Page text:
Research event

Who are the civilians doing civilian control of the military? In East Asia, you might be surprised

A presentation by Stephen Saideman (Carleton University, Ottawa). This event is part of the CISP colloquium.

When scholars and policy-makers talk about civilian control of the military, they tend not to think seriously about which civilians.  While it is often taken for granted that the head of state and the defense secretary/minister are largely responsible for managing a country’s armed forces, legislatures can play significant roles.  In the European context, much effort has been spent on understanding the rules for deploying forces, but the granting of discretion is only part of the story.  The question of this study is whether and how legislators oversee the armed forces and how to the armed forces perceive this oversight.  The project started with two ends of the spectrum—the US and Canada.  The American Congress has great power over the US military so its potential oversight looms large in the minds of American military officers.  Canadian parliamentarians lack power and information, so they are rarely that relevant.  The larger study considers which one is more typical by examining sixteen or so countries.  This talk will discuss two East Asian cases—Japan and South Korea—that show that the threat environment far less influential than domestic institutions and incentives.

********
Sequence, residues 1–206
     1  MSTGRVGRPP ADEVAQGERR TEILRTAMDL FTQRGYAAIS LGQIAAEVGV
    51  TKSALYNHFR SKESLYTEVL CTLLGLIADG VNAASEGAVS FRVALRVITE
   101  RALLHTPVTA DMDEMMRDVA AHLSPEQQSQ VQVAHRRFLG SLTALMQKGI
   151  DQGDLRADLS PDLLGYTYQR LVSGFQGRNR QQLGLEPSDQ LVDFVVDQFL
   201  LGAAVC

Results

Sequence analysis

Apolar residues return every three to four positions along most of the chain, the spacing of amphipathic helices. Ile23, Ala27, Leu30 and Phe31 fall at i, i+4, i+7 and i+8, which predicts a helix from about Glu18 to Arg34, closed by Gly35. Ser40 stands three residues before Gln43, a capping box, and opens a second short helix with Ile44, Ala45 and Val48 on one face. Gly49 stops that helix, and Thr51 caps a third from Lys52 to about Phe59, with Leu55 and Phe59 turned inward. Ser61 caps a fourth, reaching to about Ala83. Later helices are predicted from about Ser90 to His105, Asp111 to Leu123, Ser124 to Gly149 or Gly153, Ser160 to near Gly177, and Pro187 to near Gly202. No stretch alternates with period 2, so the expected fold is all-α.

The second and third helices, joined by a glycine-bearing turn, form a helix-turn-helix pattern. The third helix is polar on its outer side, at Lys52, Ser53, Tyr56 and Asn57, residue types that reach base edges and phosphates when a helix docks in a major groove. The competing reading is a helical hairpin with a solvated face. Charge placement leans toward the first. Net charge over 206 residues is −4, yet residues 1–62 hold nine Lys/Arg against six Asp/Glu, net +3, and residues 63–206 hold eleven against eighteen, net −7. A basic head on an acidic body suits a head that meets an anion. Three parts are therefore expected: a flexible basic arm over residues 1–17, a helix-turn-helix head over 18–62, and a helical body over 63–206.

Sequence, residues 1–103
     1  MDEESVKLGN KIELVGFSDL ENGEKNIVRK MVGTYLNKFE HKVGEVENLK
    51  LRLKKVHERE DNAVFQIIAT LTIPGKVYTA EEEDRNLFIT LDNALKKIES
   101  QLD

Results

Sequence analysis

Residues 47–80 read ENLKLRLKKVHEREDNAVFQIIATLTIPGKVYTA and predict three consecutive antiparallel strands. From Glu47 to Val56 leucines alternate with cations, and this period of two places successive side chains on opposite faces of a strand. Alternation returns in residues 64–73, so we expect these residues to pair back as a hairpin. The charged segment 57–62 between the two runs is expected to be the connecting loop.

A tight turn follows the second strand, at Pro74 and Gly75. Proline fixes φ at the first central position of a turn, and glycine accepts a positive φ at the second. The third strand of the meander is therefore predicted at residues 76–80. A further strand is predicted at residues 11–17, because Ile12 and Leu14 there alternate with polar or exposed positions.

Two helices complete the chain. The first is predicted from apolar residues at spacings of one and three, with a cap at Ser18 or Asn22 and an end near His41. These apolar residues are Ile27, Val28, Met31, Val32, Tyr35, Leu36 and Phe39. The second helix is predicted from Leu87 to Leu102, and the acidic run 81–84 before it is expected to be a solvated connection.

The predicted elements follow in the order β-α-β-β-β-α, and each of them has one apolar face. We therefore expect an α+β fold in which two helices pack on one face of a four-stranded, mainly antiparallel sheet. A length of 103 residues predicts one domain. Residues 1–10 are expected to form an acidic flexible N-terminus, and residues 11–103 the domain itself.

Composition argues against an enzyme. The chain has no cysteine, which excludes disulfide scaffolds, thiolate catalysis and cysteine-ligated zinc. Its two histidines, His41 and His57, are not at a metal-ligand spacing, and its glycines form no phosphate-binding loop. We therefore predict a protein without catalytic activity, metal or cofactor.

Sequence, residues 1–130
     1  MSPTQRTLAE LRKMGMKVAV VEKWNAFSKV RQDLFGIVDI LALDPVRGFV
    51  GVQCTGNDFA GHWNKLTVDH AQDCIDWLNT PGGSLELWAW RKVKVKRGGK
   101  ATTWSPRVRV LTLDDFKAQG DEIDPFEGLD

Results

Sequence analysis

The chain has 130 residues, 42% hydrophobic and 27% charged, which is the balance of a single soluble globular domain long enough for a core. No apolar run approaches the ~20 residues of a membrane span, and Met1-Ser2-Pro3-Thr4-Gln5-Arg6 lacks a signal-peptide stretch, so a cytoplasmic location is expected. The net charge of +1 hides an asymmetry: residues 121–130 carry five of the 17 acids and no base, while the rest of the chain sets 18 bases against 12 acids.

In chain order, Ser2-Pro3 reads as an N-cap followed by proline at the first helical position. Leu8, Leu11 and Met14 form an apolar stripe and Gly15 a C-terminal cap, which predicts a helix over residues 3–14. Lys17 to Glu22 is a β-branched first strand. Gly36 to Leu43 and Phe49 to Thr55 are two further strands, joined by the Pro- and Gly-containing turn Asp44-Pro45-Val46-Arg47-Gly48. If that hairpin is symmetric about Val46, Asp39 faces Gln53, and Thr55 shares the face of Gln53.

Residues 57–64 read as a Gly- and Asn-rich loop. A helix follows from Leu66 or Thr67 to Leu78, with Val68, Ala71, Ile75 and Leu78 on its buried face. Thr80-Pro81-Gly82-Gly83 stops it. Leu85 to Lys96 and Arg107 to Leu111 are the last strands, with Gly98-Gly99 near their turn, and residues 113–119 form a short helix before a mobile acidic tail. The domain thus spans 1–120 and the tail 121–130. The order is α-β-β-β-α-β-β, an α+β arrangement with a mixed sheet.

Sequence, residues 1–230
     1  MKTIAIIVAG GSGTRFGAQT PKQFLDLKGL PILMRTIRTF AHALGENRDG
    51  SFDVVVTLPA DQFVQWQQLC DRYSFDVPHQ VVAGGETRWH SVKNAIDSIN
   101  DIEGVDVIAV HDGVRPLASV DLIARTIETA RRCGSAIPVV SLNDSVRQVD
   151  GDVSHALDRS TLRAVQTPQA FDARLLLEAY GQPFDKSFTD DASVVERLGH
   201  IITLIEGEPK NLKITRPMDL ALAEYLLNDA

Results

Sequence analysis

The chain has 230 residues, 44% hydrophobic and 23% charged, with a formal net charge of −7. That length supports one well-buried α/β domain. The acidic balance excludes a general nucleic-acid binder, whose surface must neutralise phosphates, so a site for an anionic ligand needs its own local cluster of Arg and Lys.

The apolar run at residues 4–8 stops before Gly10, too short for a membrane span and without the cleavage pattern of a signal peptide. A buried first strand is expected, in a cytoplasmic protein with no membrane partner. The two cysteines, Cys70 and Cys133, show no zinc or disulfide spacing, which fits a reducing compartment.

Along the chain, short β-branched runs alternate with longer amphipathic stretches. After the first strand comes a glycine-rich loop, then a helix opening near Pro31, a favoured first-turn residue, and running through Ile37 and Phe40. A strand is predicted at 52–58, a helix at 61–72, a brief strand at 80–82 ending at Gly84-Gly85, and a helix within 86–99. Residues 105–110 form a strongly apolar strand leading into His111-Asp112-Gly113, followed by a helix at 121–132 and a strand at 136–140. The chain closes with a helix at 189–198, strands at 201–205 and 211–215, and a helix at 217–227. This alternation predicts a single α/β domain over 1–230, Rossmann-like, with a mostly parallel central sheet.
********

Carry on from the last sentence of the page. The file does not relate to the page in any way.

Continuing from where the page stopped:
Stephen Saideman holds the Paterson Chair in International Affairs at Carleton University’s Norman Paterson School of International Affairs.  He is also the Director of the Canadian Defence and Security Network.  He has written four books: The Ties That Divide: Ethnic Politics, Foreign Policy and International Conflict; For Kin or Country: Xenophobia, Nationalism and War (with R. William Ayres); NATO in Afghanistan: Fighting Together, Fighting Alone (with David Auerswald); and Adapting in the Dust: Lessons Learned from Canada’s War in Afghanistan, as well as articles and chapters on nationalism, ethnic conflict, civil war, alliance dynamics, and civil-military relations.  Prof. Saideman has received fellowships from the Council on Foreign Relations and the Social Sciences Research Council.  The former placed on the Bosnia desk of the Strategic Planning and Policy Directorate of US Joint Staff for a year, and the latter facilitated research in Japan.  He taught previously at the University of Vermont, Texas Tech University, and at McGill University. He writes online at OpenCanada.org, Political Violence at a Glance, Duck of Minerva and his own site (saideman.blogspot.com).   He is currently working on the role of legislatures in civil-military relations. He tweets at @smsaideman.